Merry Christmas and Happy New Year everyone! I had a good Christmas. Almost all of my family was here in Sheshatshiu—all of my children were here, only a few grandchildren were in Quebec. After Christmas I had a hard time. There was a 17 year old boy named Sebastien who died in a fire around New Year’s. He walked with me 4 times—twice to Minipi Lake and twice to the Mealy Mountains. He also went on the canoe trip once. He was very young when he started walking with me, but he acted like a hard-working man. He was happy when he was working. He wanted to learn, he didn’t mind if he didn’t know how to do something. He knew Francis or I would show him. Once he walked with his grandmother. He loved his grandmother very much. Sebastien was always worried about his grandmother, he never wanted her to be too far behind the group. Sebastien was also very close to me, just like my grandson, because we spent these special times together. He listened very well when I spoke with him. He understood when he had to be careful if there were dangerous parts on the river or on the walk. He was a very nice boy and an excellent hunter. If I walk again this spring it will be very sad to look at the group walking with me and not see Sebastien. I know he’ll be with us in spirit.
After New Year’s 2010, I worked a little bit. I talked on the Innu Radio Station and said to my people that we should work together, especially the women. Many times I miss working together with other women. Years ago the women would gather for working or sharing together in the tent. There were so many good ideas that the women came up with. I wish we could come back together again. Since women don’t stay close anymore, so many things have happened. If the women would work together we could address some of the big problems—what the government has done to us, what’s happening to the river, problems with drugs and alcohol in the community and so many people sick. At first the problems may seem very, very big, but when we work together we begin to see them getting smaller and it is encouraging. Now it feels overwhelming; we don’t know where to start. But we could make a difference together. It’s not enough for one or two women to talk on the radio. We need to hear all the women. Since I spoke on the radio I have heard several more women talking. It’s important for us to talk on the radio, because it’s all in Innu-Aimun and everyone can listen and understand, even the kids. I invited women to come visit in my tent and my sister’s tent. In the tent people feel more relaxed, not like in a big office or even around the kitchen table. I told my people that we’re not going to just talk about the Churchill River or the same stuff we’ve talked about before. I want to talk about all the concerns women have—any of the issues in our community.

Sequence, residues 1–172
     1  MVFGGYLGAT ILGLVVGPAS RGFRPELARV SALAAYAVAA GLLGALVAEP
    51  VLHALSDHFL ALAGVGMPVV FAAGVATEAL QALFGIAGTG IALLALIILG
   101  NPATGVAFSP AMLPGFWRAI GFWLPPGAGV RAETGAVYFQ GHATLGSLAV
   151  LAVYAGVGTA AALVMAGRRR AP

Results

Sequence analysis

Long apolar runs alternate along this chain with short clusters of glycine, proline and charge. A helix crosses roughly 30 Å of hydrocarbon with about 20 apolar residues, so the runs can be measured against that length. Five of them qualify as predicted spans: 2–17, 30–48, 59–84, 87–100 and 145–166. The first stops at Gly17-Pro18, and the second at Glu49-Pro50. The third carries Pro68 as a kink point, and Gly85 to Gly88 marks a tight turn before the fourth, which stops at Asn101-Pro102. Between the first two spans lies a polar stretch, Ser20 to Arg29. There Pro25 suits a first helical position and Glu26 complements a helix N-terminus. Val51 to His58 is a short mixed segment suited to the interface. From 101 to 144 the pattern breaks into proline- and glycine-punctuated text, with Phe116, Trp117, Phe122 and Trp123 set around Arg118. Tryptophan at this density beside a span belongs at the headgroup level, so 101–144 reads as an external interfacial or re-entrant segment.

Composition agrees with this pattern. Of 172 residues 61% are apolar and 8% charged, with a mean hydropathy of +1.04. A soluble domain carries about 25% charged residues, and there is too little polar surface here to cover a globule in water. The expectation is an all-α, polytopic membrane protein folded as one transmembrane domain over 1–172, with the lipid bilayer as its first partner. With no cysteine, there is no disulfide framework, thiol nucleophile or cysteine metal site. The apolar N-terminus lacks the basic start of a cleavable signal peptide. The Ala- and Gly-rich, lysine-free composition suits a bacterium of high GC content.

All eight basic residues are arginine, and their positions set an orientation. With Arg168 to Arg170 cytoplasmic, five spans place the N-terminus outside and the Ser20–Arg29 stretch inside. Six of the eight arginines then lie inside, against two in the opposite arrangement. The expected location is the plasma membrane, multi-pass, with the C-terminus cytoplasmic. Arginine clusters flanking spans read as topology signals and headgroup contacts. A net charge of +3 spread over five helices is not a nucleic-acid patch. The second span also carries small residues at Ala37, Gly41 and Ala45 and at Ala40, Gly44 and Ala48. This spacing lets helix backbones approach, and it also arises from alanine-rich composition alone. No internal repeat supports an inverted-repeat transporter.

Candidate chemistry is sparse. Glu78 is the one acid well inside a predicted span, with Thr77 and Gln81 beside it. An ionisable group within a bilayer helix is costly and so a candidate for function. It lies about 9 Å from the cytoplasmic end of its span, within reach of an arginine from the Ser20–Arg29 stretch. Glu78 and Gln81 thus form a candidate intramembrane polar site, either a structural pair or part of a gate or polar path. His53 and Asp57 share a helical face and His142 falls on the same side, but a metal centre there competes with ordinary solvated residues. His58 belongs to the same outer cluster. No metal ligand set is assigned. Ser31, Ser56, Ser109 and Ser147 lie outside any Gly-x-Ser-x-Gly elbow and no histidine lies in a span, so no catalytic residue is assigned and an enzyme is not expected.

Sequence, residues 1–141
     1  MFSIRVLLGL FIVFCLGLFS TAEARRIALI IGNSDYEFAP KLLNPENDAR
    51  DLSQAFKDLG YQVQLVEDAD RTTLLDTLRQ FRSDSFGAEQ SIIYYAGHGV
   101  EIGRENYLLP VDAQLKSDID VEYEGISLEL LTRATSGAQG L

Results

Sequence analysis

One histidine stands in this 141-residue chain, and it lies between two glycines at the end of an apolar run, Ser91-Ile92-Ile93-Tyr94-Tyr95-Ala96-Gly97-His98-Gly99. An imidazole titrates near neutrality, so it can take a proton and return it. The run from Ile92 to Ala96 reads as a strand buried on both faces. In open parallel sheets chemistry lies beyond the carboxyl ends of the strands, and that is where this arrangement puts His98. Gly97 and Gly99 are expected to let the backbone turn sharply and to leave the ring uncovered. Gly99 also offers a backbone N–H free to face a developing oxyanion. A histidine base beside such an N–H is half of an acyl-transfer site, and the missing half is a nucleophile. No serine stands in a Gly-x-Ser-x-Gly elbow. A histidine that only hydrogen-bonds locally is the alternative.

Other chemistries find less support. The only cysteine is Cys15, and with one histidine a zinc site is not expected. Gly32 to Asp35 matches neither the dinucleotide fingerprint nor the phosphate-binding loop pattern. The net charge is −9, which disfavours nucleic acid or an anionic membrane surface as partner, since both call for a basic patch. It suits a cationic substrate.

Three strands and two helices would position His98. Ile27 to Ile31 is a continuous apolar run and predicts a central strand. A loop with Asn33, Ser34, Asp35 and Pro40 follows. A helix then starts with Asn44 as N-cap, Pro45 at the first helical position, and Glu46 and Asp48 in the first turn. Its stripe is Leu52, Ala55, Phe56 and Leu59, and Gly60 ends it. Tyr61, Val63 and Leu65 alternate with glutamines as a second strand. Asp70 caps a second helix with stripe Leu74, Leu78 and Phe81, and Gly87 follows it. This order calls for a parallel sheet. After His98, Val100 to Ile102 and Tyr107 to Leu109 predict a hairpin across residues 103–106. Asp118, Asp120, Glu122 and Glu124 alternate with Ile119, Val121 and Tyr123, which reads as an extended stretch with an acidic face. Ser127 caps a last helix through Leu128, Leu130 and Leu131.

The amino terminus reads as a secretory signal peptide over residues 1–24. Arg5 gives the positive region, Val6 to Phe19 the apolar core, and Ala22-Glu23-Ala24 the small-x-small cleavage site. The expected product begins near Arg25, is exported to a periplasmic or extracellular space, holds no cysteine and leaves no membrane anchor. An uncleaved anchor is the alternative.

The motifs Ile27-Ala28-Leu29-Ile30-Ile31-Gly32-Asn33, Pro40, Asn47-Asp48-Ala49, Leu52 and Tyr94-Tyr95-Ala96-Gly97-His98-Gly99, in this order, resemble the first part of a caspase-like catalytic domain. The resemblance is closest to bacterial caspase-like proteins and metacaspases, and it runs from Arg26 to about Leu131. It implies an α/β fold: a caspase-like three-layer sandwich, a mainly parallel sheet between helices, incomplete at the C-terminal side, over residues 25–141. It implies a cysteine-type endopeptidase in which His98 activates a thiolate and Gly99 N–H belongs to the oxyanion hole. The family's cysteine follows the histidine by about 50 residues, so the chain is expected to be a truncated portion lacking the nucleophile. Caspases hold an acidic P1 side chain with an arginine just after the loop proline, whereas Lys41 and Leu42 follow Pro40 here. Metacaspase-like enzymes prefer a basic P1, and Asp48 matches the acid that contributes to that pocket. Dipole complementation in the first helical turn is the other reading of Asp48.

When I see the papers and hear the news about the Churchill River I feel very sad. If the dam starts my tears will be as much as the river. I try to keep working hard, looking for support and doing things to raise awareness. It’s difficult because money is so strong. There still has been no vote for the Innu regarding the dam. I pray often about this.